Colombian government, ELN agree to start ceasefire talks
Colombia's government and the country's last recognized guerrilla group, the National Liberation Army (ELN), said Friday they had agreed to begin negotiating a ceasefire, as the two sides wrapped up a second round of peace talks in Mexico.
The goal is to reach an accord based on international humanitarian law, according to an agreement read by a member of the government delegation in the presence of both parties.
Pablo Beltran, an ELN veteran, said that "the first steps have been taken to reach a ceasefire."
A truce was the desire of "the entire Colombian nation," government negotiator Otty Patino said.
"We have heard that cry, and we feel that the ELN delegation has also heard it," he added.
Colombia has suffered more than half a century of armed conflict between the state and various groups of left-wing guerrillas, right-wing paramilitaries and drug traffickers.
The Colombian government resumed peace talks with the ELN after Gustavo Petro became the South American country's first ever left-wing president in August.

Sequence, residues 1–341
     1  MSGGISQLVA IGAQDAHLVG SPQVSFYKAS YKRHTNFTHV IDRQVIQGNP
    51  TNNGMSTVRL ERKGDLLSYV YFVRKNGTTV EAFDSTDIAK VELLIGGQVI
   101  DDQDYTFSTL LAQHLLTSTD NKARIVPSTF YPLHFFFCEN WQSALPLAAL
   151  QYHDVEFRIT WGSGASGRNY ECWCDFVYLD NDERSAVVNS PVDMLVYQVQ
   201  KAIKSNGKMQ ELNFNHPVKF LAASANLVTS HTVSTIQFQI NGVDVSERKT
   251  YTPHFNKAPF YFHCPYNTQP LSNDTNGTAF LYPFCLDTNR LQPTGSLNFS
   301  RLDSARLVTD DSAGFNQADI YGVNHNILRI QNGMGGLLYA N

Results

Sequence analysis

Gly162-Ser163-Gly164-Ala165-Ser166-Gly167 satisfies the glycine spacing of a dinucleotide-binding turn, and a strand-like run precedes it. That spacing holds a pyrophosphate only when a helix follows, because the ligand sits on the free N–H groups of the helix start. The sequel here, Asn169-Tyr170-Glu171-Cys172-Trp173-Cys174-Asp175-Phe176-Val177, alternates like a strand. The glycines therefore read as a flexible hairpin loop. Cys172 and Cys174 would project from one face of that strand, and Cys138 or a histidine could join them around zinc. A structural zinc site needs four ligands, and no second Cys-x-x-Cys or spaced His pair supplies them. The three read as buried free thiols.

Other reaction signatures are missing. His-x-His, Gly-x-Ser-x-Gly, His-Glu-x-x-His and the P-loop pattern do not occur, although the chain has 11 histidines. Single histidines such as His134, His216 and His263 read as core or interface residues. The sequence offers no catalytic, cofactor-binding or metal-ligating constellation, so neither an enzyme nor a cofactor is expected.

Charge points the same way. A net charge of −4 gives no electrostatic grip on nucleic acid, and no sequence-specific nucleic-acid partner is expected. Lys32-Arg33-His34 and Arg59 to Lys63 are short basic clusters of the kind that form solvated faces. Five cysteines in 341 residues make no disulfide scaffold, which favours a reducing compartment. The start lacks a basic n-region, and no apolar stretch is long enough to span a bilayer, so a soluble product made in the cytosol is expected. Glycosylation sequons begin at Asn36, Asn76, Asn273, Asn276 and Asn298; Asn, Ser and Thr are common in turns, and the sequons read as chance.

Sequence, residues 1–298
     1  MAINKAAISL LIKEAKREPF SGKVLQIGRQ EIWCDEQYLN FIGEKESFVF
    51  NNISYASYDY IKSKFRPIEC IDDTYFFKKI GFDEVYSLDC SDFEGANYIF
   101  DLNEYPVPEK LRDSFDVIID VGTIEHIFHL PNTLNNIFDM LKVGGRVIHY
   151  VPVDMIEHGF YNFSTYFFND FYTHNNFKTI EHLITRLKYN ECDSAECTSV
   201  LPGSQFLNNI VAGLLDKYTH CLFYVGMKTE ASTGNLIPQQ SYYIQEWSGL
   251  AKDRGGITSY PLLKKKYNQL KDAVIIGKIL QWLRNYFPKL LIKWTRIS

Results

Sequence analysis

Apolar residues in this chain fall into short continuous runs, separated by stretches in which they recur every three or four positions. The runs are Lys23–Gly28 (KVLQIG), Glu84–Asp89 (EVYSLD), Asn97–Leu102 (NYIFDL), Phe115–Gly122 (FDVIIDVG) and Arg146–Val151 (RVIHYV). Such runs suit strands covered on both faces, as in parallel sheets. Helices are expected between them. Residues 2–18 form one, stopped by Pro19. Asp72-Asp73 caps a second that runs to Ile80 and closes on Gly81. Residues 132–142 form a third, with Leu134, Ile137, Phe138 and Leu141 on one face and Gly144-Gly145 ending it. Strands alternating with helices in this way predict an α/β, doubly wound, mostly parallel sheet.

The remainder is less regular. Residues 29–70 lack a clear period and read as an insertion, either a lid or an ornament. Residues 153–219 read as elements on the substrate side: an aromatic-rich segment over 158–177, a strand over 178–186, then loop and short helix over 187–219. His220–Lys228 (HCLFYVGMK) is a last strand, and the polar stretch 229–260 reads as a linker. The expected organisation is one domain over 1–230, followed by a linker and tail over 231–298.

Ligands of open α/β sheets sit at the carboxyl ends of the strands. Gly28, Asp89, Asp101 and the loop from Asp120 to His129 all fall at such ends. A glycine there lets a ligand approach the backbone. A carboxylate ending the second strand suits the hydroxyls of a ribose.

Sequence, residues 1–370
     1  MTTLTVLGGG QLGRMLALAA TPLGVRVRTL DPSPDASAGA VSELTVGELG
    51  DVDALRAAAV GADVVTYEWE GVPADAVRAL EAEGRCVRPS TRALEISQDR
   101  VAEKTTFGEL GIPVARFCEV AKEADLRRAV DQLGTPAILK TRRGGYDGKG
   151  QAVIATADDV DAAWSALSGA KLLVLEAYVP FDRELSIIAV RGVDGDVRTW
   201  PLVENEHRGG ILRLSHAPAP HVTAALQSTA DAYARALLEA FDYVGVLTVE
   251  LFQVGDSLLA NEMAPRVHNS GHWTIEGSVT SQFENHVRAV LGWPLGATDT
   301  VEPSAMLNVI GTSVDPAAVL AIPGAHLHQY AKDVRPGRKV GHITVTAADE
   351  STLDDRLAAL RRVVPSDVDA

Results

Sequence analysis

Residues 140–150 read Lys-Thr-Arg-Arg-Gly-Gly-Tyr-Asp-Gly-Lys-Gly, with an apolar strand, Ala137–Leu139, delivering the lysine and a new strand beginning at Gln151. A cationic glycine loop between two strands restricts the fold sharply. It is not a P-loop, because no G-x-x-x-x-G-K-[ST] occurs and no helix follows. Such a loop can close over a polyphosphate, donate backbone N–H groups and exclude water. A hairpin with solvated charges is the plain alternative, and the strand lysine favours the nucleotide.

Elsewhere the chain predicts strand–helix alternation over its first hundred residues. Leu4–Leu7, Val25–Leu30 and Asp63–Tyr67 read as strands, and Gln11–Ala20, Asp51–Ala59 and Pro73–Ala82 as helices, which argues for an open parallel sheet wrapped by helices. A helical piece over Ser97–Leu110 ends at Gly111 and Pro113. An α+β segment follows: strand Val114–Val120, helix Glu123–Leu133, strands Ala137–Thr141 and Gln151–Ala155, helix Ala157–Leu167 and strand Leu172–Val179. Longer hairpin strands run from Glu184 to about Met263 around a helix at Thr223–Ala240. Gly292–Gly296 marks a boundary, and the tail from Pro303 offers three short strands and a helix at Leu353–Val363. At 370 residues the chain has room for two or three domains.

The talks had been suspended by his conservative predecessor Ivan Duque following a car bomb attack on a police academy in Bogota that left 22 people dead.
The next round of talks is due to be held in Cuba, though a date has not yet been announced.
Havana was the venue for the negotiations that culminated in the demobilization in 2016 of the Revolutionary Armed Forces of Colombia (FARC), which for years was the country's largest guerrilla group.
- 'Stay at table' -
The ELN reacted angrily in January after the government claimed it had agreed a ceasefire with the Marxist guerrillas.
The government was forced to backtrack, but the spat did not derail the negotiations, which are supported by Norway, Mexico, Venezuela, Brazil, Cuba and Chile.
The talks resumed in Mexico City on February 13, following a first round in Venezuela in November.
The negotiators reported late last month that the Colombian government had recognized the ELN as a political organization as well as a rebel group, distinguishing it from other armed gangs such as drug traffickers.
Colombia's first Black vice president, Francia Marquez, who was at the conclusion of the talks in Mexico, urged the negotiators to "stay at the table no matter what."
"It's the first time that I can look at their faces without fear," she said, addressing the guerrillas.
In 2019, before taking office, Marquez survived an attack by unknown gunmen who tried to kill her over her work defending the region's water resources against mining companies.
Founded in 1964 by trade unionists and students inspired by Marxist revolutionary icon Ernesto "Che" Guevara and the Cuban revolution, the ELN has taken part in failed negotiations with Colombia's last five presidents.
It can count on around 3,500 fighters within a loose structure in which different guerrilla units operate largely independently of each other.